‘If Wales play well they should win’ – Welsh media bullish ahead of Dublin date
Published 06/02/2016 | 12:01
With Joe Schmidt and the bookmakers not expecting Ireland to retain the Six Nations, it should come as little surprise that Wales travel in expectation as much as hope this weekend.
Warren Gatland has the luxury of naming Dan Lydiate, Gethin Jenkins and Alex Cuthbert on the bench as they face an Ireland side shorn of the retired Paul O’Connell and injured Cian Healy, Mike Ross, Ian Henderson, Peter O’Mahony, Sean O'Brien, Tommy Bowe and Rob Kearney.
WalesOnline has analysed both starting sides and expects the visitors to prevail at the end of the 80 minutes, though acknowledges the last Six Nations visit was a sobering experience as they succumbed to a 26-3 defeat.
Delme Parfitt sees little between the respective back threes – “This is a department where the Irish treatment room chickens could well come home to roost”, while admitting the “jury is out” on Gareth Anscombe , George North and Tom James – but sees opportunities in midfield.
He says Robbie Henshaw and Jared Payne are “brilliant individual players”, but “they don’t have anything like the career track records and experience their direct opponents boast”.
Parfitt admits that the half-back partnership of Jonathan Sexton and Conor Murray is the best in the tournament, but believes injuries to key personnel hands the advantage to Gatland’s men in the front and back rows.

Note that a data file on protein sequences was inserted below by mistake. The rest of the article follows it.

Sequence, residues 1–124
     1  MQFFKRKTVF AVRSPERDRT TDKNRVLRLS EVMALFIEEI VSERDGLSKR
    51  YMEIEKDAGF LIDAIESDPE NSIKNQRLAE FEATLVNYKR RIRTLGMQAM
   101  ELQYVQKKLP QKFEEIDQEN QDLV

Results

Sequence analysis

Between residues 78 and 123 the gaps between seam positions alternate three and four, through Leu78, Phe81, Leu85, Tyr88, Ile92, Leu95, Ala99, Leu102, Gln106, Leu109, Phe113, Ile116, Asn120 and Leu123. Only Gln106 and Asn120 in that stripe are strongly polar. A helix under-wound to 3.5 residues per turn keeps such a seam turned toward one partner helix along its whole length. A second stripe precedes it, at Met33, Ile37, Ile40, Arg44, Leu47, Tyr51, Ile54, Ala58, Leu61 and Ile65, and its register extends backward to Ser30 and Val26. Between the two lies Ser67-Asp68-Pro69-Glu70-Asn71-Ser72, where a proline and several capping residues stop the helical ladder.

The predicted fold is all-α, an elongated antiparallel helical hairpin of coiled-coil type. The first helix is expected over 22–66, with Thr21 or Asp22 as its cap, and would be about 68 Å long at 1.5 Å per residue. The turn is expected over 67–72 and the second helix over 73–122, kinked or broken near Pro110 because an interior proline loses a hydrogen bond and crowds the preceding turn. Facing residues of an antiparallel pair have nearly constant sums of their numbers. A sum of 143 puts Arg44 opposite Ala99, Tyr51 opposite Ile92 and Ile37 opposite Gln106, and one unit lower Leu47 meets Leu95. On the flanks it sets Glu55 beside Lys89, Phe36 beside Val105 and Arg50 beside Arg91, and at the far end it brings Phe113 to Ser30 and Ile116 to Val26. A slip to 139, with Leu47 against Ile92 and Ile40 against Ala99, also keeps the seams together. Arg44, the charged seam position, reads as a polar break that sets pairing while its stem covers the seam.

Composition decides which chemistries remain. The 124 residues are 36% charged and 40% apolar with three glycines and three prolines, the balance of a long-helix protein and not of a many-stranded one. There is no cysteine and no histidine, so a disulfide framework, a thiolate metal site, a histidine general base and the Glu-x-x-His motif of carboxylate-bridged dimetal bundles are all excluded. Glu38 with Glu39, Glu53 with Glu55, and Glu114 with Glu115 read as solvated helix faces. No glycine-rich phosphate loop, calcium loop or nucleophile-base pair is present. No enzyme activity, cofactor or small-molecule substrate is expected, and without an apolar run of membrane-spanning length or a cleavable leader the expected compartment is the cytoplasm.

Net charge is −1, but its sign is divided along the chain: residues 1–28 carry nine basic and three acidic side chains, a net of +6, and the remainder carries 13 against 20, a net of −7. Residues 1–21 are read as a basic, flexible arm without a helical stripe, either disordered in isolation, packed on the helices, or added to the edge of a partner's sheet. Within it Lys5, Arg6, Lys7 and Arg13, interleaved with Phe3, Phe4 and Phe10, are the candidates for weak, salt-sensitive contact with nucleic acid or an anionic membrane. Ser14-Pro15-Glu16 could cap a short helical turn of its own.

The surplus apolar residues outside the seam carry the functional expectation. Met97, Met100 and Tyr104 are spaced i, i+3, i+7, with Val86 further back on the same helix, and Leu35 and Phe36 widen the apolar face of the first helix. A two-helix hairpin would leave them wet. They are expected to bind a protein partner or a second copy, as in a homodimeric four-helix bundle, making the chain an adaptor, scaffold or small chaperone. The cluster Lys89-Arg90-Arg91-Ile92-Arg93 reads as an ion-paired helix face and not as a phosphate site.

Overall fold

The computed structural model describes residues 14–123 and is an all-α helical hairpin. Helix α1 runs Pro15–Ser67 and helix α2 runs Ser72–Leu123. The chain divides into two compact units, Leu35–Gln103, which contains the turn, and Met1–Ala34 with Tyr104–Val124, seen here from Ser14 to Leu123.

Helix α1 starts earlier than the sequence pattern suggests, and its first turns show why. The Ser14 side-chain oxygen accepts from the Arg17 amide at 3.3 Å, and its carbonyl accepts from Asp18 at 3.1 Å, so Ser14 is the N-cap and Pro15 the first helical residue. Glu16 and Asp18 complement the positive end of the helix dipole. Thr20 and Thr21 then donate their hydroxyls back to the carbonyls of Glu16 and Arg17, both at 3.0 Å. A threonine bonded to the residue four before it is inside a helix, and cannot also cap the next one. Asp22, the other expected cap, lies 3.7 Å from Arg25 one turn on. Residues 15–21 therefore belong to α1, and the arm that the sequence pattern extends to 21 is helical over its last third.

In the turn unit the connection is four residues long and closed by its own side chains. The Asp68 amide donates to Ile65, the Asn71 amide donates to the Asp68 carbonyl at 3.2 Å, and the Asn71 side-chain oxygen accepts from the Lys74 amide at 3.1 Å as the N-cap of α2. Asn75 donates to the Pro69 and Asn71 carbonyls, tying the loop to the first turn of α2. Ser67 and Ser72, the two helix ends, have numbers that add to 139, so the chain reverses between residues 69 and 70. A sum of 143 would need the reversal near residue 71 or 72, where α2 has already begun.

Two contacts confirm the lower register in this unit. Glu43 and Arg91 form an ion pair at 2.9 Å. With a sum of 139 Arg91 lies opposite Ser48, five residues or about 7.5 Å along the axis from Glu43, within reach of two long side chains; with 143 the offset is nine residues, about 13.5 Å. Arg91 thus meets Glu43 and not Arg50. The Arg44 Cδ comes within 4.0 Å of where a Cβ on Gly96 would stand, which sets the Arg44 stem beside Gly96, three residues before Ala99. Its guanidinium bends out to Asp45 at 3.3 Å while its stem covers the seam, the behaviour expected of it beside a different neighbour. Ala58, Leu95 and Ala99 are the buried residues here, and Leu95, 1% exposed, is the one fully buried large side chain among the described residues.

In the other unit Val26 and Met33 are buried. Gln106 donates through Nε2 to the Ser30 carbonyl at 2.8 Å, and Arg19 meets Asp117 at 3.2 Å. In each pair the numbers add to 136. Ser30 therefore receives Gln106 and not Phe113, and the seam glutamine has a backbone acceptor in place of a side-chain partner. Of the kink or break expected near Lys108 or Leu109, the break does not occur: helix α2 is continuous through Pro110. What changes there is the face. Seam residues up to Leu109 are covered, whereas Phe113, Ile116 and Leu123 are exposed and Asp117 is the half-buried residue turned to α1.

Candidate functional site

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The writer adds that the second row battle may not transpire to be a battle at all, with Luke Charteris and Alun Wyn Jones enjoying clear advantage over Leinster pair Devin Toner and Mike McCarthy.
“They [McCarthy and Toner] won’t lack competence but let’s face it they aren’t scaring anybody…The pre-match scores here are emphatically in favour of Wales.”
The tactical battle on the sideline between Gatland and Joe Schmidt will be an intriguing one, with the Lions head coach position a fascinating sub-plot this weekend as both men aim to get their respective campaigns off to a winning start.
He concludes by opining that Gatland’s longevity as a coach, his experience of working all over the world and the trophies he has put in various cabinets” puts him marginally ahead of his Irish counterpart Joe Schmidt.
“A cold look at what each team offers shows us the unusually high level of expectancy on Wales – from outside our borders as well as inside – is justified.
“If Wales – whose management have said in the past are a better team away from home – play well, then they should win.”
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